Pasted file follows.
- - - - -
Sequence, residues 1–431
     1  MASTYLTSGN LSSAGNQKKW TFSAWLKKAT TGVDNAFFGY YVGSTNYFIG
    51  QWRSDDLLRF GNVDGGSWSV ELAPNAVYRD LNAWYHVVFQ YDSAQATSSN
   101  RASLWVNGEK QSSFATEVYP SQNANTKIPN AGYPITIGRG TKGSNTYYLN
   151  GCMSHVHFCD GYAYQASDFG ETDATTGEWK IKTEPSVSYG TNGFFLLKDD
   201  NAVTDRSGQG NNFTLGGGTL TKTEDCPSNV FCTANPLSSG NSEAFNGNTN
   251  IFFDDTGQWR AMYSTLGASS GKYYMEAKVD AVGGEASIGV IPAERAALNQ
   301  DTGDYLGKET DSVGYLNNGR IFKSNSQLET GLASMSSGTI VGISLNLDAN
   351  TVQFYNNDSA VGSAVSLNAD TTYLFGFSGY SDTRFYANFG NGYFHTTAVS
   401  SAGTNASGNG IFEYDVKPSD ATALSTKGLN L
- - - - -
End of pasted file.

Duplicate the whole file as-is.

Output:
Sequence, residues 1–431
     1  MASTYLTSGN LSSAGNQKKW TFSAWLKKAT TGVDNAFFGY YVGSTNYFIG
    51  QWRSDDLLRF GNVDGGSWSV ELAPNAVYRD LNAWYHVVFQ YDSAQATSSN
   101  RASLWVNGEK QSSFATEVYP SQNANTKIPN AGYPITIGRG TKGSNTYYLN
   151  GCMSHVHFCD GYAYQASDFG ETDATTGEWK IKTEPSVSYG TNGFFLLKDD
   201  NAVTDRSGQG NNFTLGGGTL TKTEDCPSNV FCTANPLSSG NSEAFNGNTN
   251  IFFDDTGQWR AMYSTLGASS GKYYMEAKVD AVGGEASIGV IPAERAALNQ
   301  DTGDYLGKET DSVGYLNNGR IFKSNSQLET GLASMSSGTI VGISLNLDAN
   351  TVQFYNNDSA VGSAVSLNAD TTYLFGFSGY SDTRFYANFG NGYFHTTAVS
   401  SAGTNASGNG IFEYDVKPSD ATALSTKGLN L